That’s the trick, though. Over the years, Mel Gibson has been caught lobbing sexist insults at female police officers, railing against Jews, insulting gays and even telling an ex-lover he hoped she was gang-raped by Blacks (and he didn’t use the word “Blacks,” either). So why is this man still working? Well, possibly because ever since “Mad Max,” Gibson has specialized in playing damaged men, wounded obsessives who are dangerously close to the edge. So he’s that way in real life, too? If you were a fan — and you weren’t from one of the many groups he maligned — you probably read those stories and just shrugged.
Michael Richards, on the other hand, was known only for playing Kramer on “Seinfeld” — an occasionally annoying but essentially harmless, even endearing eccentric. Most fans didn’t really know (or care) who the real Richards was, or what his own sense of humor entailed. So when he appeared at a comedy club in 2006 and answered hecklers with a racist tirade — including the N-word and jokes about lynching — that was it. This wasn’t Cosmo Kramer, and it had nothing to do with the person fans thought they knew. Richards apologized, but the contradiction was catastrophic. He announced his retirement from standup shortly afterward.
Gibson’s behavior occurred over years. Richards’ happened once, over a few minutes. But one seemed plausibly in character and the other completely opposite, and that is why you still see Gibson at the Oscars, and you rarely see Richards anywhere. Fans can put up with a lot, but they won’t put up with being made fools of. And when someone acts that differently from what we have come to love — when the real person diverges that widely from who we have tricked ourselves into thinking they are — we feel deceived.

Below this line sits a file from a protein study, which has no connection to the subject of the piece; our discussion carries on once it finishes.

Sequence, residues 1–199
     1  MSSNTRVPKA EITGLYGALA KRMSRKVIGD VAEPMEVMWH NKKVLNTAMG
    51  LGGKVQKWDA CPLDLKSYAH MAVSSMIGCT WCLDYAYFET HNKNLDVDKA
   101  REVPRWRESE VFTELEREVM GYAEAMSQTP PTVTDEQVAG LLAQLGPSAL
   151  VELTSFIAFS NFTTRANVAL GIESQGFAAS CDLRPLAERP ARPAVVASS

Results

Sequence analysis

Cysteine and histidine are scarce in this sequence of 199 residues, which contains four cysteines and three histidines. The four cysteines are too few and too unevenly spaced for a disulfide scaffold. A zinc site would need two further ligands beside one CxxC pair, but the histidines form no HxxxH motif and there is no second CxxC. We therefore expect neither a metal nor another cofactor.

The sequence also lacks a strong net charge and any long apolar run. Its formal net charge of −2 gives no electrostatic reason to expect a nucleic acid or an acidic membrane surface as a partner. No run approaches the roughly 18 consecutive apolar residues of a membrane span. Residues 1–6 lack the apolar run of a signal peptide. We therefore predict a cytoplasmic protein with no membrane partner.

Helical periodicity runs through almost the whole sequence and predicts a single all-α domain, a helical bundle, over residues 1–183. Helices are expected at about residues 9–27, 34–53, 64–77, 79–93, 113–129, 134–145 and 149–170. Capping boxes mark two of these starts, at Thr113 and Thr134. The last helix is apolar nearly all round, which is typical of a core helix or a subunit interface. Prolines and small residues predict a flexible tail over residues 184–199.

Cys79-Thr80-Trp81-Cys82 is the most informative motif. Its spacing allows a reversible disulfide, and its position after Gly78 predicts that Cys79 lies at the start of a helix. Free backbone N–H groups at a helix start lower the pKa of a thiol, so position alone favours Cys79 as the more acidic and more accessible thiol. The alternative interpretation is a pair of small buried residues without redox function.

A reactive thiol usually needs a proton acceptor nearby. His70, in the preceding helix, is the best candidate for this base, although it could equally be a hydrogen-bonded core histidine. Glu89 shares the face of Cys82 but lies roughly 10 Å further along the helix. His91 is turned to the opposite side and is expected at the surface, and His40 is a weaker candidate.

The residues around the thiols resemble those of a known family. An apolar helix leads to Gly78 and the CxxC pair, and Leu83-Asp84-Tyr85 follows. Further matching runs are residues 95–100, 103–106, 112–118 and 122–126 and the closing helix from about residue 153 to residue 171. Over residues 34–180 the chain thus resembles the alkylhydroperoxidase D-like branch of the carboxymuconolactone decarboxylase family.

The disgust that greeted the recent stories about Chris Noth sexually assaulting women didn’t just come from the charges themselves, horrific as they were. It was that they involved an actor who had famously played the dreamy “Mr. Big,” a man who exuded calm, seductive sophistication. Imagining him now as a violent predator? That felt like a special, personal kind of betrayal, and Noth became a pariah, his agent dropping him and his friends turning away.
Of course, Will Smith’s outburst doesn’t compare to Noth’s alleged crimes. But the aftermath may not be that different.
Smith has been one of Hollywood’s biggest, and smartest, celebrities for years. He began, like most stars, with a simple, one-word persona: Likability. He was funny, he was charming and — even more important for mainstream white audiences — he was unthreatening. His humor was sitcom-ready. His rap music was upbeat. He made nice, non-controversial action pictures.
But he was ambitious, too, so as he aged, he began to refine that persona. To “Likability” he added another signature characteristic: “Responsibility.” A decade or so ago, his blockbuster berth secure, Smith even began hunting for an Oscar. And he did that by deliberately choosing movies — “The Pursuit of Happyness,” “Concussion,” “King Richard” — in which he played decent, dependable father figures.
And then he went and slapped Chris Rock.
For such a calculated performer, it was hugely, disastrously off-script. Samuel L. Jackson could have safely slapped an Oscar host or cursed him out on live TV. That’s an attitude he has spent decades developing. But Will Smith? This was the absolute antithesis of likability and responsibility. And it engendered the worst fan reaction any celebrity can get: An open-mouthed “Wow, I really don’t know this guy at all.”
In the world of movie stardom — a business based on strangers instantaneously identifying with you — that’s a huge thing to lose. And Smith may find out it can take a lot longer than 10 years to get it back.